SYDNEY (Reuters) - Thousands of people are rushing to climb Australia’s Uluru, ignoring the calls of indigenous people to stay off what they consider a sacred monolith, before the ascent is permanently banned at the end of the month.
Visitors will no longer be able to scale the Australian landmark, formerly known as Ayers Rock, from Oct. 26, following a decades-long campaign by indigenous communities to protect it.
The UNESCO World Heritage-listed 348-metre (1,142-ft) rock, famed for its deep red-ochre hues, is a top tourist draw despite its remote desert location near Alice Springs in the Northern Territory.
The upcoming ban has drawn a throng of visitors and it is the busiest it has been in more than a decade, Uluru-Kata Tjuta National Park manager Mike Misso told broadcaster SBS News.
“We know it’s certainly in the hundreds and probably nearer 1,000,” Misso said, referring to daily arrivals.
“There’s definitely a lot of people wanting to climb, but actually our same message that we’ve had for a number of years is Parks Australia and traditional owners requesting that people choose not to climb,” he added, referring to the federal agency which helps manage national parks.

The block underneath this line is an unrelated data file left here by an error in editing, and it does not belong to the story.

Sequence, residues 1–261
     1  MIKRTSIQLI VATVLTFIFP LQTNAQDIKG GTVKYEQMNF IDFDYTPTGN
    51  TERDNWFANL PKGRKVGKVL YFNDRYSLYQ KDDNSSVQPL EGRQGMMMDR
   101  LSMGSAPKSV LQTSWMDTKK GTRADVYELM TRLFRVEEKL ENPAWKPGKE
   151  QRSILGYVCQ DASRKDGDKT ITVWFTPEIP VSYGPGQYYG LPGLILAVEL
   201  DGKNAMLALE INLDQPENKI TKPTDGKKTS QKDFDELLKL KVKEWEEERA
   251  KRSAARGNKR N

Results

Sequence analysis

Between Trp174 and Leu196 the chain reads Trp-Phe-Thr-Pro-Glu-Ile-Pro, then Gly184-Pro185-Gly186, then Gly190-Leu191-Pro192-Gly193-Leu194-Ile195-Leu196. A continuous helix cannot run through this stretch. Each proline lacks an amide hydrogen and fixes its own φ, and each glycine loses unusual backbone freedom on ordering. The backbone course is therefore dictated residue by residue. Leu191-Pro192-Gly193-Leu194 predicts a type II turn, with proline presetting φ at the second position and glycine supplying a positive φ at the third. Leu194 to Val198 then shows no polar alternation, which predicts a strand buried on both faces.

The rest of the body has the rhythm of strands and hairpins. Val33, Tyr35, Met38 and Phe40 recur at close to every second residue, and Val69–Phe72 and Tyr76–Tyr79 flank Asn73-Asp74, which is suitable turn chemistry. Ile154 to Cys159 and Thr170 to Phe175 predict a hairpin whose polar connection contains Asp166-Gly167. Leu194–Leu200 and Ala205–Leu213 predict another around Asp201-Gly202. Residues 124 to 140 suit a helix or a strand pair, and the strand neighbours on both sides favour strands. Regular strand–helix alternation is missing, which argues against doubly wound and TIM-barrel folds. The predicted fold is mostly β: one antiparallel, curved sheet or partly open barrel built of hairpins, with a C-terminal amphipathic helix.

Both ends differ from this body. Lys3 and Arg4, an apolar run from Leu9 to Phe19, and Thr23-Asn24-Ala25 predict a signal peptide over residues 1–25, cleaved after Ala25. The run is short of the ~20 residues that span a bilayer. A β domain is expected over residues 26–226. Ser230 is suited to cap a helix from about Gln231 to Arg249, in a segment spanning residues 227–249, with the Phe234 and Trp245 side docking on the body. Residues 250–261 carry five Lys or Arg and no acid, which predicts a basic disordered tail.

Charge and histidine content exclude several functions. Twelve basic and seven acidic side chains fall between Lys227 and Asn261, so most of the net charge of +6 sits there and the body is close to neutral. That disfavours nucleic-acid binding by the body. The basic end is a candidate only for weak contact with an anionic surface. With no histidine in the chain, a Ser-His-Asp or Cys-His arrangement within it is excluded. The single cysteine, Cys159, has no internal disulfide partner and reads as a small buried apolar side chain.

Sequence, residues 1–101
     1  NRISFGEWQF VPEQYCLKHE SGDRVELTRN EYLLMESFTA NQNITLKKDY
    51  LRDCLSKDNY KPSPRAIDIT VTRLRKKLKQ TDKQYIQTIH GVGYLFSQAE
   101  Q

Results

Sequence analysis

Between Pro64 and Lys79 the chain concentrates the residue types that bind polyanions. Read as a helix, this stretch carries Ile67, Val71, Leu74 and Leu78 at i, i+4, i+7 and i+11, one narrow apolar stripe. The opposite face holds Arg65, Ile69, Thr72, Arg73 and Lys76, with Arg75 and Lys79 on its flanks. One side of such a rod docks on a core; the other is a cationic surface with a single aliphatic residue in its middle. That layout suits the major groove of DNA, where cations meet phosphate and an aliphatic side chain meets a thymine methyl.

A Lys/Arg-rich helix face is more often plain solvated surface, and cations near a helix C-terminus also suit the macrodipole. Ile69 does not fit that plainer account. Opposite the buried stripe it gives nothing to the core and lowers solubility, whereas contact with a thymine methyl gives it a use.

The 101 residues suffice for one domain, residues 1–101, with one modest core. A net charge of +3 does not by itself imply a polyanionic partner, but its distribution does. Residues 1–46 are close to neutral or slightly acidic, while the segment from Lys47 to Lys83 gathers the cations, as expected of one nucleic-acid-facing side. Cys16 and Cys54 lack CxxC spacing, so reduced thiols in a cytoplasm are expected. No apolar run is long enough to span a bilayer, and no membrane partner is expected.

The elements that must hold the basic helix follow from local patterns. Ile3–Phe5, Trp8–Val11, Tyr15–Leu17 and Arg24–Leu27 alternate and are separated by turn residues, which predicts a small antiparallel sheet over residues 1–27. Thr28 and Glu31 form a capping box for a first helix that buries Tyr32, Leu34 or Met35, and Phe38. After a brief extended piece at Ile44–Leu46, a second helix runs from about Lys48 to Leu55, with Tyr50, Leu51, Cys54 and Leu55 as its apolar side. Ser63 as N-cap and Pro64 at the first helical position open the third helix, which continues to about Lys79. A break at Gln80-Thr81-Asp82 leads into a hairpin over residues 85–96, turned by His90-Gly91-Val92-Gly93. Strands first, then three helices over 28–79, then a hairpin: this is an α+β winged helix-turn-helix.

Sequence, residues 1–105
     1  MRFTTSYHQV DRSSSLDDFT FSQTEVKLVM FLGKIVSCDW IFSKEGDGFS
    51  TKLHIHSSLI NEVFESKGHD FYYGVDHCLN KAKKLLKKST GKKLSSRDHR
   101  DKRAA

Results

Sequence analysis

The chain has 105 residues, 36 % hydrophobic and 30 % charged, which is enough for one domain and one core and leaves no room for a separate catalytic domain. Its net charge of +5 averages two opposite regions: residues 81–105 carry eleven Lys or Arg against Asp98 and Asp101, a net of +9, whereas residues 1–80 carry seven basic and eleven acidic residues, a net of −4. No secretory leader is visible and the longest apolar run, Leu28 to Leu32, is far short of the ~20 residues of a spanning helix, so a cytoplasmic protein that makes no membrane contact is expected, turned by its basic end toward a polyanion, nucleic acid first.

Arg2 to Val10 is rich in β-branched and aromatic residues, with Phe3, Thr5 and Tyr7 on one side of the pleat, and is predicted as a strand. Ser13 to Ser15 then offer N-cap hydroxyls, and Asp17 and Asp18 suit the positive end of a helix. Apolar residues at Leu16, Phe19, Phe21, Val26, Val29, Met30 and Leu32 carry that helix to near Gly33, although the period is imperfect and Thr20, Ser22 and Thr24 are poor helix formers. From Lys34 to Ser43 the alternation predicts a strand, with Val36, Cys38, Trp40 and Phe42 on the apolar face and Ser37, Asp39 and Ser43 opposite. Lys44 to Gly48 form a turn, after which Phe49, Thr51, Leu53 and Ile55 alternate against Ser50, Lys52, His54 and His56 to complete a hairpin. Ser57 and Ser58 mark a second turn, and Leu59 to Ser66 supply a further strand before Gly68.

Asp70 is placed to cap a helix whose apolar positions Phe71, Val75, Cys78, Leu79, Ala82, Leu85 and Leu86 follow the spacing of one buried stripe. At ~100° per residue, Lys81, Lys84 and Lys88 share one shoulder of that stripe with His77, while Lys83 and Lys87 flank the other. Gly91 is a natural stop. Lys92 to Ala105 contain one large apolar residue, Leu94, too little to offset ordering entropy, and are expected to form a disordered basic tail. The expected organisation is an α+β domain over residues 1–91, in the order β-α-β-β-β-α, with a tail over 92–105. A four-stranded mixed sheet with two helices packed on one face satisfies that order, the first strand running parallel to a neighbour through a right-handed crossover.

Most visitors do not climb Uluru.
The Anangu people, the traditional owners of Uluru, have called for the climb to be closed since 1985, when the park was placed in indigenous hands, due to its spiritual significance as a route their ancestors took.
Safety and environmental concerns are also cited as reasons not to attempt the climb, the park says.
To commemorate the climbing ban, the park will conduct a public celebration on Oct. 27, 34 years after Uluru was handed back to its traditional owners.
Australians are still the most common visitors to climb the rock, followed by the Japanese, according to Parks Australia.
Reporting by Paulina Duran in Sydney; Editing by Karishma Singh